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Four software testers looking at an infinity sign with the traits of Successful Testing in DevOps (build, test, code, plan, release deploy, operate and monitor)

This is a guest post by Rachel Kibler.

First things first: as your team adopts DevOps, testing requires a lot more communication and collaboration. People skills are important, and asking questions is important.

There are some other practices that are good ideas for testing in DevOps too, and if your company wants to be successful with DevOps, you should try to implement most of them. Use this quick checklist to identify which devops testing practices you’ve already implemented and get ideas for other ways you can improve.

1. Set the framework

a. Determine your definition of a bug and policy for bugs. Are bugs everything found in production that deviates from expectations? Will they be fixed first or prioritized? How will bugs that require immediate engagement be decided?

b. Make sure your rollback process is easy. (That’s it; that’s the tweet.)

2. Get the whole team engaged in writing stories

a. Split the stories into the smallest releasable (and testable) chunks. API calls that aren’t hooked up to the front end are fine and can be tested on their own before the UI is done.

b. Review the acceptance criteria carefully. Make sure the problem being solved is actually understood. Look for, as Elisabeth Hendrickson says, absolute statements, such as software “always”  or “never” doing something. These are potential landmines. Make sure everyone is on the same page and understands the approach.

c. Ask questions about risk — risk to the user, security, business, whatever you can think of.

d. Figure out what needs to be answered with the code change. Write some charters or other kinds of testing notes. Ask for feedback on this. Giving the developers and product owner an idea of how the change will be tested can lead to better code. By “better,” I mean cleaner, more testable code, and a smoother process for the people who need to use it and maintain it.

3. While the code is being written, there are a few things you can do

a. Pair with developers. If you can get a greater understanding of the code and what the changes touch, you’ll do better testing in the end. You can also raise issues during pairing, giving your developers a better idea of what you’ll be looking at.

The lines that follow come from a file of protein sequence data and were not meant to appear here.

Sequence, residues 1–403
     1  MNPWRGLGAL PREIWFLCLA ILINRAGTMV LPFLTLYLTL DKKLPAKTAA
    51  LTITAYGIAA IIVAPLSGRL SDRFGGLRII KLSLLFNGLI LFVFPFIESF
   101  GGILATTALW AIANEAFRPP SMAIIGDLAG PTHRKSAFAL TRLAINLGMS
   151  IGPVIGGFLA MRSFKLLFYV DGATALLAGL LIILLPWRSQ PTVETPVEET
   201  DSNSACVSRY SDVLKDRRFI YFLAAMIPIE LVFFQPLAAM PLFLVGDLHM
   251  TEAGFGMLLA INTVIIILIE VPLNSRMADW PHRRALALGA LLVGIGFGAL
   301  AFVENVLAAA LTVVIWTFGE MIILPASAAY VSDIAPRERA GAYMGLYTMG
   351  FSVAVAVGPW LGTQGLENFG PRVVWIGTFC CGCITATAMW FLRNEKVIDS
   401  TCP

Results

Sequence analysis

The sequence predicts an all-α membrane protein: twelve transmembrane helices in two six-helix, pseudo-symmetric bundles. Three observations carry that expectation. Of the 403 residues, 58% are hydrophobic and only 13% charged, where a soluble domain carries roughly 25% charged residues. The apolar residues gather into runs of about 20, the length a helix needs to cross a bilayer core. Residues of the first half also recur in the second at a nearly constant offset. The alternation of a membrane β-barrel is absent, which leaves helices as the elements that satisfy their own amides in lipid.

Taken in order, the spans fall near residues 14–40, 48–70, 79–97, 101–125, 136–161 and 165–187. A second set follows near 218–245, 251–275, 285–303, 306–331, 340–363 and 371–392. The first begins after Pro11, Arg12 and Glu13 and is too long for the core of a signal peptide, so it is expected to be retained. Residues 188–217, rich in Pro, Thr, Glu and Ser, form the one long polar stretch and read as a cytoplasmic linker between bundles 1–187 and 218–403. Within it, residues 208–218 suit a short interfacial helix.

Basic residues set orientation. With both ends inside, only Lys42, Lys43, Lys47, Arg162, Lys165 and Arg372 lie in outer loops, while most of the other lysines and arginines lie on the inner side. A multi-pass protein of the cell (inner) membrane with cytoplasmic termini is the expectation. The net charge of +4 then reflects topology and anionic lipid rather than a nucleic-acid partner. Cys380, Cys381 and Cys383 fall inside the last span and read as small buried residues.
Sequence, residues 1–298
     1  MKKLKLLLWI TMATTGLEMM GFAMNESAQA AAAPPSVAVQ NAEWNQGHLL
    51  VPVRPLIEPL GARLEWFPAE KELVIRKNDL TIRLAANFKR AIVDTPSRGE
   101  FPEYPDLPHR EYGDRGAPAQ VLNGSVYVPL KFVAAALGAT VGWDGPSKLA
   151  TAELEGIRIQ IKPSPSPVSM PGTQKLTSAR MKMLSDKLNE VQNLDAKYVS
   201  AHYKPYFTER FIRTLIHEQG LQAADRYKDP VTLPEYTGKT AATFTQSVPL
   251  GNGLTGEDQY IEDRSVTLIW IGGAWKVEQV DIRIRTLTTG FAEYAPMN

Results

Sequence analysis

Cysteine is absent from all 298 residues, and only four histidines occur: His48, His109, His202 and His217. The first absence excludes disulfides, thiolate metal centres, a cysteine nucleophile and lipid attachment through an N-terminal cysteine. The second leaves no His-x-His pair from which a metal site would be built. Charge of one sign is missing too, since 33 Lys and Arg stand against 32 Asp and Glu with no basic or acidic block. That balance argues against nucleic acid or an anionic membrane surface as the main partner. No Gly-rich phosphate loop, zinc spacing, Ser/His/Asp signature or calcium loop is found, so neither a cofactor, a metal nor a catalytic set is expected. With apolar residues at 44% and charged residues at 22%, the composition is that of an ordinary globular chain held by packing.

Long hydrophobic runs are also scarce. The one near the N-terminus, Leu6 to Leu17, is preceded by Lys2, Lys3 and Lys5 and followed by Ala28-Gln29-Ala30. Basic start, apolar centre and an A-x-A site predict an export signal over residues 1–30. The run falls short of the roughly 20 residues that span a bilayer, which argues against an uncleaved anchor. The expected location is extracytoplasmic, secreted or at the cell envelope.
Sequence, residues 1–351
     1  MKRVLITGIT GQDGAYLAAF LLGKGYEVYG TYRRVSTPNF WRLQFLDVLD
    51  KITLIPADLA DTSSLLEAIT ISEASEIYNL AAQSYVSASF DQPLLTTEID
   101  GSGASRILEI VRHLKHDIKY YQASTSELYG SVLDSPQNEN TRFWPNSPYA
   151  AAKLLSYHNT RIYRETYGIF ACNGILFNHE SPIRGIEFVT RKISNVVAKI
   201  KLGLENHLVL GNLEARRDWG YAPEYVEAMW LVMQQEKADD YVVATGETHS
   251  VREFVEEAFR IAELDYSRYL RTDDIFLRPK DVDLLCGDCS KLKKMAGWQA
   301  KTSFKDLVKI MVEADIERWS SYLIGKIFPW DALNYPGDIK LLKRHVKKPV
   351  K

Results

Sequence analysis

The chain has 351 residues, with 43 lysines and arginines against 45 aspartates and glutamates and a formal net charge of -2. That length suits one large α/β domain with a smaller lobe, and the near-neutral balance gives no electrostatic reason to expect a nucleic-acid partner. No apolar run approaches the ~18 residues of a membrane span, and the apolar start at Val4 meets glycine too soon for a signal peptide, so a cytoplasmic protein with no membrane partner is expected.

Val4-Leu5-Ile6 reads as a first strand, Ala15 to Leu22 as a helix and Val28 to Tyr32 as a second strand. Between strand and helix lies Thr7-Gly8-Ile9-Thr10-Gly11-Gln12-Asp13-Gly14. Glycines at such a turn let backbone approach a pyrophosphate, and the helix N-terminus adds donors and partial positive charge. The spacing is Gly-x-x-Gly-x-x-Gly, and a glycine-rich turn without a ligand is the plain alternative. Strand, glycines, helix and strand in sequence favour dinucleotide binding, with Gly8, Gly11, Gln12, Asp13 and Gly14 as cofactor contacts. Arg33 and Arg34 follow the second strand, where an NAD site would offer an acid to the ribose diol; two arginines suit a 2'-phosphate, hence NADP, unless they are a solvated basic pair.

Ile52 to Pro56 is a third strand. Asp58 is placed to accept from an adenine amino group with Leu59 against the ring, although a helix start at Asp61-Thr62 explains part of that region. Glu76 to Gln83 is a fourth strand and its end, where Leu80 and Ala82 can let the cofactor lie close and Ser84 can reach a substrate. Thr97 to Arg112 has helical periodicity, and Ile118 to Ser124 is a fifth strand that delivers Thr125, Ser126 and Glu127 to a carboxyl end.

b. Set up your test environment, or make sure you know how to access the test environment once it is available. Get some scenarios set up, prepare any data you might need for testing, and get users in the right state.

c. Start writing your automated testing, if applicable.

4. When the code is ready for you, it’s time to do what everyone thinks we always do

a. Review the code changes. Make sure the developer wrote whatever automated tests they’re expected to write, whether unit, integration or UI. If there are no tests, ask why.

b. Test the scenarios you’ve set up using all the notes you’ve collected and all the conversations you’ve had.

c. Make sure you touch all the areas of risk. Stuff can change during development, so talk with your developer to see what areas of code the change touches.

d. Run all the applicable automated tests. Typically, start by running high priority or smoke tests. Use automated tests to identify areas you might need to dig in more manually.

e. (If you don’t already know this) Ask your development team if they prefer for you to report bugs you find (one at a time? all at once? in Jira issues? with a summary email?). Depending on how they feel about context switching, they may want you to do as much testing as possible first, then tell them about the issues, or they may want to follow your progress and fix stuff as you find it.

f. Add your automated tests, either in a separate branch or the same one. Make sure you’re following the same code process that your developers are held to.

5. When the code is released, you’re not done

a. Check production to make sure the change got there successfully. Pipelines can be weird, and sometimes stuff gets stuck or doesn’t release properly. Depending on the stability of your pipeline, you might not see this much, but it’s worth checking. You don’t need to reproduce all your testing again; just a simple check will do it.

b. Make sure you’re reviewing error logs to see if there are spikes in errors caused by the change. The amount of time you look at the logs depends on the possibility of intermittency of errors. If you released a change to login, you probably don’t need hours of review. If you released a change to a flow that users see only a little bit, set a query, and come back to it later.

There it is! DevOps is fun and worth it, and with these proven practices, you can set yourselves up for success with testing in DevOps. Check out more of our DevOps blog posts here!

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Rachel Kibler is a tester at 1-800 Contacts. She can be found on Twitter @racheljoi or on her website at racheljoi.com.